Electrical stimulation of human heart muscle cells engineered from human stem cells aids their development and function, reports a paper published this week in Nature Communications. The authors propose that these results in cells, if confirmed in animal models, could aid current developments in stem cell therapy that seek to treat diseases affecting the human heart.
The structural and functional immaturity of heart muscle cells (cardiomyocytes) that are derived from stem-cells has so far hampered their therapeutic potential to be implanted in the heart and replace damaged heart tissue. In fact, engineered cardiomyocytes typically generate too few connexins - proteins that allow narrow gaps between adjacent heart muscle cells to be formed - to allow ions and small molecules to move freely in the heart. As a consequence, the immature cardiomyocytes do not connect properly to the host myocardium, the muscular wall of the heart, when implanted. In addition, immature cardiomyocytes may generate abnormal, spontaneous electrical impulses, leading to irregular beating of the heart (arrhythmia), which can be life-threatening.
Gordana Vunjak-Novakovic and colleagues grow human, stem cell-derived cardiomyocytes and engineer them into three-dimensional structures. They then expose these structures to continuous electrical signals - which mimic those of the healthy heart in strength - over a period of one week. They show that this electrical stimulation increases cardiomyocyte connectivity and the regularity of muscle contraction. The immature cardiomyocites respond to the electrical signals by making more connexins, which allows for rapid electrical conduction between cells, and by generating more so-called hERG protein - a building block of potassium channels, which regulate normal electrical activity in the heart.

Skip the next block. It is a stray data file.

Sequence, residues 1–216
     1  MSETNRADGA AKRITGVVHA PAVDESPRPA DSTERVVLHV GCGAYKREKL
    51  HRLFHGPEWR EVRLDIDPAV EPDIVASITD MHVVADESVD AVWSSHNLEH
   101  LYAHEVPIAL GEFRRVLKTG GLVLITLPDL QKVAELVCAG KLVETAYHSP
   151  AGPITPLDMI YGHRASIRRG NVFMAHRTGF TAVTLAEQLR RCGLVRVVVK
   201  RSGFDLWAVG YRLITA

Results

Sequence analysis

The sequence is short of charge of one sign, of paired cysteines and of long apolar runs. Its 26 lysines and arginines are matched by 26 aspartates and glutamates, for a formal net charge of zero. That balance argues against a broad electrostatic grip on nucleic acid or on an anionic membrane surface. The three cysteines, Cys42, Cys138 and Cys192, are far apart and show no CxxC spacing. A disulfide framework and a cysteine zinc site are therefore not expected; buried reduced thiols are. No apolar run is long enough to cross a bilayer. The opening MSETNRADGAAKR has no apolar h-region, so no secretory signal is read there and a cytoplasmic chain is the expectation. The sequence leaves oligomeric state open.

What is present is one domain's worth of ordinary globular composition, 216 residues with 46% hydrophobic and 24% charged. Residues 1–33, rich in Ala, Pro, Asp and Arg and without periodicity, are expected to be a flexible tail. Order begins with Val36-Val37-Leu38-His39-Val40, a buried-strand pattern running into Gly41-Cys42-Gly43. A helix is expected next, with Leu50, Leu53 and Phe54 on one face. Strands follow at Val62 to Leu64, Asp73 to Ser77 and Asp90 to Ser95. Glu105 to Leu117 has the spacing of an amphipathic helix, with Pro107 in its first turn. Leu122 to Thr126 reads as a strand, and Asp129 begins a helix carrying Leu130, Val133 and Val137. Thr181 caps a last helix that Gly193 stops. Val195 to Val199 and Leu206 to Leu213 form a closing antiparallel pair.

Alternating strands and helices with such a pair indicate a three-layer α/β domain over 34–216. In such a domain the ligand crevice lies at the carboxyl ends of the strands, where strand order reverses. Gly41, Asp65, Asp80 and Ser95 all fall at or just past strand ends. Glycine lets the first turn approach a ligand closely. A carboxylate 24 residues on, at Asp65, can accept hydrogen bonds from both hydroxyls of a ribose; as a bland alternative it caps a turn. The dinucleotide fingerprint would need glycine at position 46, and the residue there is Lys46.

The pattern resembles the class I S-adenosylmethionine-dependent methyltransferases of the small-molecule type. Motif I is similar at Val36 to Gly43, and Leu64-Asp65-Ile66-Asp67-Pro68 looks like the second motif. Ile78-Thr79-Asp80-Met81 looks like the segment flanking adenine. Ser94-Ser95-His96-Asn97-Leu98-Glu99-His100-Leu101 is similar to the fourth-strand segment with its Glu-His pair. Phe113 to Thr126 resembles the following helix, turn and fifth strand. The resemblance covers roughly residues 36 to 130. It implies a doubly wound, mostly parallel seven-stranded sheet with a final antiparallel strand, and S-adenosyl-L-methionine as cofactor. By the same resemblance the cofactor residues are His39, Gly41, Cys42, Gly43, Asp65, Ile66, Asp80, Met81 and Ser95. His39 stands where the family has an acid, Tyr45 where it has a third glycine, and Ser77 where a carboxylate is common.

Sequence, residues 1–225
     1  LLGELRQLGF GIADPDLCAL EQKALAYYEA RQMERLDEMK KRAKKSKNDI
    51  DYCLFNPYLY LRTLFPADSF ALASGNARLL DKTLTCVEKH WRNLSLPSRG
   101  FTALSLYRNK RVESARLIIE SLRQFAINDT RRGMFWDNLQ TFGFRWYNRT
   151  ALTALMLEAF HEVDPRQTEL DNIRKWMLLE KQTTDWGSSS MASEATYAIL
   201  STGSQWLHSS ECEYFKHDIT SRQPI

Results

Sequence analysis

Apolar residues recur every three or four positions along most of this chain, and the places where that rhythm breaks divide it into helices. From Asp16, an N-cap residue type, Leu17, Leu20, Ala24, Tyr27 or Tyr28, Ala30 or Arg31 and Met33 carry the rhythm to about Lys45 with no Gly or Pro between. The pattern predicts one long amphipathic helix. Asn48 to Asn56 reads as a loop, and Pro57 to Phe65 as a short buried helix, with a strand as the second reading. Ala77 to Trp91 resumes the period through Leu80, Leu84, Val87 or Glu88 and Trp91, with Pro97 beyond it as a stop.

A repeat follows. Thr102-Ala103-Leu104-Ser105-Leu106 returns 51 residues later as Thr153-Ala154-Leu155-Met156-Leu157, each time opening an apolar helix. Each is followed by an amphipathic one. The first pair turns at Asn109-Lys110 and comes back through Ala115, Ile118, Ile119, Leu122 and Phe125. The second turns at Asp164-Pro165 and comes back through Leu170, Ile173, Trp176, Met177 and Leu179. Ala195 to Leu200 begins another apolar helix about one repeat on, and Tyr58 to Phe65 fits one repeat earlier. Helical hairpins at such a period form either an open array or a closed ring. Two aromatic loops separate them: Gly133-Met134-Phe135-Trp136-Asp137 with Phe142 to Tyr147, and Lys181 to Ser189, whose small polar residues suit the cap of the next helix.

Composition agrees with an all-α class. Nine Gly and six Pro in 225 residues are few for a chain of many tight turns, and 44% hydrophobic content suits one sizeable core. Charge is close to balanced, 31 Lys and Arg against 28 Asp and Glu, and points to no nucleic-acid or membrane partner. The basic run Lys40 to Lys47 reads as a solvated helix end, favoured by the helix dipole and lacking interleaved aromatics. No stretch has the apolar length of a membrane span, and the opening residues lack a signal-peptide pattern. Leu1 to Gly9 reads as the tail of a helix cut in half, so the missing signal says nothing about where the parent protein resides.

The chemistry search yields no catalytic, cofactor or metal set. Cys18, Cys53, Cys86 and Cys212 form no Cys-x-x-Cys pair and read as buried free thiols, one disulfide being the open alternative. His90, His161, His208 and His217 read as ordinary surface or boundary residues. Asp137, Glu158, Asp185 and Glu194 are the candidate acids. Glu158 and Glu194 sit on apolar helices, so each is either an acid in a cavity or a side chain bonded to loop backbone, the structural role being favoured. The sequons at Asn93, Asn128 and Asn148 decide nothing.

These findings, although preliminary and yet to be tested in animal models, suggest that electrical stimulation of immature cardiomyocytes may be used to drive their development to a stage that will secure their complete integration and beating synchronization with a host heart muscle.
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